Auto Part Insights - How Does a Car Battery Work

How does a Car Battery work?

A standard 12-volt car battery generates electrical energy or current with the help of electrochemical reactions that take place inside it. It is this current that starts your car engine when you turn the ignition key. A car battery also acts as reservoir storing electrical energy derived from the alternator of the car. In case you are wondering what an alternator is, might help to consider it as a generator that works on the principle of electromagnetism to produce current that charges your car battery while the engine is running. The stored electrical energy in the battery powers all electronics on-board your car including lights, stereo, air conditioning etc. Hence, the cycle goes like this: a charged battery is used to start the engine and a running engine is used to run the alternator that charges the battery again. Back to our topic, a reversible chemical reaction between three main constituents of the battery i.e. Lead (Pb), Lead Oxide (PbO2) and Sulfuric Acid (H2SO4), allows the car battery to not only produce electricity but also store it in the form of charged cells inside the battery. A cell constitutes an enclosure in the battery that contains two types of metallic plates and two terminals (i.e. positive and negative). One plate is covered in Lead and the other in Lead Oxide. All cells in the battery (six cells in a 12-volt battery) soak in a common chemical bath of 65% water and 35% Sulfuric Acid called Electrolyte. The chemical reactions between the two metallic plates in the acidic medium produce electrons that form the electrical charge. The charged particles travel from the positive terminal of the cell to the negative terminal. The same reaction takes place in each cell and the common Electrolyte in the battery transports the electrical charge from one cell to another finally resulting in transfer of charge from the positive terminal of the first cell to the negative terminal of the last cell. Each cell produces 2-volts of electricity and together 6 cells combine to produce 12-volts. It is worth mentioning that the positive terminal of the first cell is the positive terminal of the battery and the negative terminal of the last cell is the negative terminal of the battery. The flow of electrical charge from the positive terminal of the battery to the negative terminal powers any circuit connected between the two ends. All electrical systems of the car are directly connected to a circuit between the two terminals of the battery and receive electrical energy through this process. The usage of electrical charge drains the battery or discharges it. But that's when the alternator takes over. A running car engine powers the alternator that produces electrical charge (electrons) and sends it through the negative terminal of the battery towards the positive terminal. This way, the electrons travel back in the system reversing the chemical reactions in the battery and restoring the chemicals to their normal state. Hence the battery is replenished and ready to produce 12-volts of charge again. James Rodham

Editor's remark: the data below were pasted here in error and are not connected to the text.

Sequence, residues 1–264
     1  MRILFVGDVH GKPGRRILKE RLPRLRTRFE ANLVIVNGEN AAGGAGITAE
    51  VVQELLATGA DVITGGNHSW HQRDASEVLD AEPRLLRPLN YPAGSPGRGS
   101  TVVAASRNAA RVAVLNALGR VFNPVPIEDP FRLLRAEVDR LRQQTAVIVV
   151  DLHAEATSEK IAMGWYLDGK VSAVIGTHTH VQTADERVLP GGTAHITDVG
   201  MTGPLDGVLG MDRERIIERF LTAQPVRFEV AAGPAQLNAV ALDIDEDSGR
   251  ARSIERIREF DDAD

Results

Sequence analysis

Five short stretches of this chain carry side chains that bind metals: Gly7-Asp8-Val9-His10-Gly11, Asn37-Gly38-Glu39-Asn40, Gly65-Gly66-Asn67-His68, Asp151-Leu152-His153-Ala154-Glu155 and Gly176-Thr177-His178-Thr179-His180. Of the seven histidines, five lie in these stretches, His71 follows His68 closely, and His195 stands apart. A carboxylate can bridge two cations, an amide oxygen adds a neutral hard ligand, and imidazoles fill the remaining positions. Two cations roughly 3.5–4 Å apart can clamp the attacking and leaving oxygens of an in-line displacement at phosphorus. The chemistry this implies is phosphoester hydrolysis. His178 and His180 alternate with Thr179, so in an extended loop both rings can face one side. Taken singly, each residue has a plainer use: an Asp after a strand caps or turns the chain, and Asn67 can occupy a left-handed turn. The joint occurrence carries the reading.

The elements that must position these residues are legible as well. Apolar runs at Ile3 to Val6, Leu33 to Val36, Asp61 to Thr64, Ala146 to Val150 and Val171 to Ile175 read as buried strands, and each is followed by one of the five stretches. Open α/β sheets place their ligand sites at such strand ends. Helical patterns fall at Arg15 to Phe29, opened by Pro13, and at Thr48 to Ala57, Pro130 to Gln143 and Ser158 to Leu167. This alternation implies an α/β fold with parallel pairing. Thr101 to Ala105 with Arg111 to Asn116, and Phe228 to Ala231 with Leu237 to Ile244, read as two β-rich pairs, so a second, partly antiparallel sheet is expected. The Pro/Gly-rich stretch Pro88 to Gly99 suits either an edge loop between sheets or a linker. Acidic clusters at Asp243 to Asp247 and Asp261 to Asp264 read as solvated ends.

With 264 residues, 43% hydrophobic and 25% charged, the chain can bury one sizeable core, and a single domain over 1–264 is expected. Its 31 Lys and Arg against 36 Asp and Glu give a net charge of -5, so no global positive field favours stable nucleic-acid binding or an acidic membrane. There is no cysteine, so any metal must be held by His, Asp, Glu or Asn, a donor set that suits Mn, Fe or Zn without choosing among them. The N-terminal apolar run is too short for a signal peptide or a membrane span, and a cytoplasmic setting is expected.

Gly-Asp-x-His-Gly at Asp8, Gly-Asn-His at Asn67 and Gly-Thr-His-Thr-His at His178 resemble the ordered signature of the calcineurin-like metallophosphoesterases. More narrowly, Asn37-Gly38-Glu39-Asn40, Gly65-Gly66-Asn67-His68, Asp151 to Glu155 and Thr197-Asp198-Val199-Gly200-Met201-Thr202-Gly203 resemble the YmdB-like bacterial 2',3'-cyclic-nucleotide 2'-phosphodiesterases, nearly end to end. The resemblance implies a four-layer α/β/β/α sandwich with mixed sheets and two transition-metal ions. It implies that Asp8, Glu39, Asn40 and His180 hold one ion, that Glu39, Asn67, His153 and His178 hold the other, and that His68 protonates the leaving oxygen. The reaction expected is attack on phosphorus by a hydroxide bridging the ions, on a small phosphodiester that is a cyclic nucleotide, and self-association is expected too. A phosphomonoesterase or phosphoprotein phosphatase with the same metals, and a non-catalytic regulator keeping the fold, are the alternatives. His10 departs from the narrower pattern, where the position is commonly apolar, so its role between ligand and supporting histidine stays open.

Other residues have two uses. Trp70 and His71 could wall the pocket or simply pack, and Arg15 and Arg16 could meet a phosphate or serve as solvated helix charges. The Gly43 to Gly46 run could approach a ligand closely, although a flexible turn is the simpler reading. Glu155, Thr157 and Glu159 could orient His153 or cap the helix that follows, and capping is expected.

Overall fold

www.qualityautoparts.com

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